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  12. This looks excellent! I've only had this once and it didn't look nearly as good as yours. I'd love to cozy up to a bowl of this on a chilly fall night.

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  13. All this time the word pozole brought forth a completely different image. Funny. No matter, it still looks tasty.

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  14. I've never tried this before! Neither have I tried hominy...I'm really missing out!

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  15. I wish I had a big bowl of this a couple days ago when we had a freaky thunderstorm here, which is very strange for this time of year in the Bay Area. A nice comforting bowl of spicy, aromatic pozole would have warmed me up nicely.

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  16. wow I am salivating now by just looking at those ingredients...... dripping already.....

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  17. Wow, looks fantastic!! Comfort food!

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  18. Your photos are beautiful, I cant wait to make this!Figtreeapps

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  19. It seems I keep hearing about things I had never heard about before today. Pozole is one such thing... never heard of it, but this recipe sure looks gorgeous (as do the photos..)

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  20. great comforting stew with all kinds of tantalizing flavors going on here. I love spicy foods!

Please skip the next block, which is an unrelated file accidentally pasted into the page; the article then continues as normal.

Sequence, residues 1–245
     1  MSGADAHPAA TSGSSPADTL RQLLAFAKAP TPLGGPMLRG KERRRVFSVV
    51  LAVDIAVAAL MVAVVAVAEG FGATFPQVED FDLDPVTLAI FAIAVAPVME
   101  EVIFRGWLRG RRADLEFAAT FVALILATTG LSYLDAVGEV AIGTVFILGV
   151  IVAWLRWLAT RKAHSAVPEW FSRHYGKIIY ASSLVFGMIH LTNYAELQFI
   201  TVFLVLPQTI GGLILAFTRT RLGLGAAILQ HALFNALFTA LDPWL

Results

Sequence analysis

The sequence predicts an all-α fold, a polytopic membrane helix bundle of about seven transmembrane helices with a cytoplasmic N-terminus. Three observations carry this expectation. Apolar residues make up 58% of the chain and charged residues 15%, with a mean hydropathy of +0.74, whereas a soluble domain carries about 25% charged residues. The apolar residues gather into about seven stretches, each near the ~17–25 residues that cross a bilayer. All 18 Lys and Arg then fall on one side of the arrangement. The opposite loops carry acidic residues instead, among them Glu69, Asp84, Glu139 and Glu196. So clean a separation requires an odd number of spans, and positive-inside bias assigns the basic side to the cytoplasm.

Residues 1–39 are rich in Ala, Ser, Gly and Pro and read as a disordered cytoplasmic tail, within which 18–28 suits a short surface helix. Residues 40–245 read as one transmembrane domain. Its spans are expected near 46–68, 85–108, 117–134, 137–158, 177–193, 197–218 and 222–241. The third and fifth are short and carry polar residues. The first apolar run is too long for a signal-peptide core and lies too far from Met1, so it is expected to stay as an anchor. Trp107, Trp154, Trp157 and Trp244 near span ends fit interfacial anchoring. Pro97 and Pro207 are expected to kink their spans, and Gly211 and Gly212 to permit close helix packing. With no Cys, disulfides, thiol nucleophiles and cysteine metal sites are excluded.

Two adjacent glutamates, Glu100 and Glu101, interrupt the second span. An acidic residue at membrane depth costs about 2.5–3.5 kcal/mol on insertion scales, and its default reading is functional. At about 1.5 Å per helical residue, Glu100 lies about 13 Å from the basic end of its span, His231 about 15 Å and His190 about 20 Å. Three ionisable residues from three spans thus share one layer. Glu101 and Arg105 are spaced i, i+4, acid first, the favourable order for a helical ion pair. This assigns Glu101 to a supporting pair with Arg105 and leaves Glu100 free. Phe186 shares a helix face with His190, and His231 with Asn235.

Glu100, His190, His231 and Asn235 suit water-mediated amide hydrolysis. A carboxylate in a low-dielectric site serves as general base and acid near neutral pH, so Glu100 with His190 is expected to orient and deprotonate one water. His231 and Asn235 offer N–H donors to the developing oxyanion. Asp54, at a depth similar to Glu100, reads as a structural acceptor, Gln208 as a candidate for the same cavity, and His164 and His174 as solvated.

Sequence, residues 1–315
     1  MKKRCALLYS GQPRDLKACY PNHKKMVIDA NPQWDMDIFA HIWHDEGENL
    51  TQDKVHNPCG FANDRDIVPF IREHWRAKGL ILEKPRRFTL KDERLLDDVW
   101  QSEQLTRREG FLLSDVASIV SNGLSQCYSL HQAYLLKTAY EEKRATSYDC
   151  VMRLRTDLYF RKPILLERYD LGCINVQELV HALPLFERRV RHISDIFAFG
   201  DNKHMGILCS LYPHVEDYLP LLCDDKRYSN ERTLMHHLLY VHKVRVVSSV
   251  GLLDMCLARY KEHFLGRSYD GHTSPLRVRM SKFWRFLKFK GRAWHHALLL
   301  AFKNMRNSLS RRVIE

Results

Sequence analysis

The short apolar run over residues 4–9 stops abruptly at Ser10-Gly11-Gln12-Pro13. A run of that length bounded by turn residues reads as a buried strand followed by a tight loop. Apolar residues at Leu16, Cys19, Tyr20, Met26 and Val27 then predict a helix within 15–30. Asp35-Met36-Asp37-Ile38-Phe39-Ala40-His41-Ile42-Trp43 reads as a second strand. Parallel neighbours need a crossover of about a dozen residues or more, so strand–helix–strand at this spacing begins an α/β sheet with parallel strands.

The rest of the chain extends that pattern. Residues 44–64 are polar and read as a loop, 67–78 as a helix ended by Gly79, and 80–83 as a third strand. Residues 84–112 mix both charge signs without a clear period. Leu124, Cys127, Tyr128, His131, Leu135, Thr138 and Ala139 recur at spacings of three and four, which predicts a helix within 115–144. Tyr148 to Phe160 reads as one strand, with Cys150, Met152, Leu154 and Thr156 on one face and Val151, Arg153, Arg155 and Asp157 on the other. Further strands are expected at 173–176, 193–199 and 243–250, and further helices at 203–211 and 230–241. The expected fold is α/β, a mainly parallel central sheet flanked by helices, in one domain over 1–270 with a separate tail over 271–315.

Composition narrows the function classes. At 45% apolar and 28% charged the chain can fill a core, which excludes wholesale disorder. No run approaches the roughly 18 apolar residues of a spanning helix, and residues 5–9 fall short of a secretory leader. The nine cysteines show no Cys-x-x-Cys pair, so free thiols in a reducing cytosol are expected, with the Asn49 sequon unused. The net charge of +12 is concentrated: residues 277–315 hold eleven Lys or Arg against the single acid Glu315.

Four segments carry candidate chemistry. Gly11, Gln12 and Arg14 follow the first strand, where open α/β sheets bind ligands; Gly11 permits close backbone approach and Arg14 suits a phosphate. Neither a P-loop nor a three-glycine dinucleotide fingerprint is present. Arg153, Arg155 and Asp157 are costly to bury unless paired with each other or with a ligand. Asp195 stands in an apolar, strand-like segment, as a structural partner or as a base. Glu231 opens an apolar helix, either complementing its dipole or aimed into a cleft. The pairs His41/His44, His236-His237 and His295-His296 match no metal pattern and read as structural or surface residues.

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  21. I grew up eating this around New Year's, it is quite the treat. I usually prefer pozole over menudo. This looks deliciou!

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  22. This is a really terrific dish as it is both comforting with the broth & chicken and refreshing with the avocado & radishes on top. Excellent!

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  23. I've never heard of pozole before, but it looks so flavorful and comforting! I'm always learning new thing on your blog!

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  24. The broth looks so clear yet so flavourful! A great dish to warm you up!

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  25. what a gorgeous corn chicken soup! Surely extremely delicious!

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  26. Lisa, thanks for the link!!! If you answered homini that's it! I'd probably comeback and ask you what is homini, ha...ha...ha... glad that you explained it!
    Will definitely making this. I'll let you know about it asap!

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  27. Looking forward to making this comforting soup this fall!

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  28. Posole is definitely one of my favorite dishes. We tend to make it a bit thicker -- more like a stew, but I bet it's just as good this way. I like how you melded two of my favorite recipes. Gorgeous stuff!

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  29. que rico! Pozole is one of my favorite traditional Mexican dishes.

    Maybe we can add this to Mexican Fiesta ;)

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  30. Being from Louisiana, I love spicy food. I cant wait to try this out.

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  31. I love posole and your tweaking looks amazing. I have the cookbook from Rick Bayless and it is a much love addition to my collection. Have never had a bad recipe.

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  32. Looks good, I just made this a few days ago.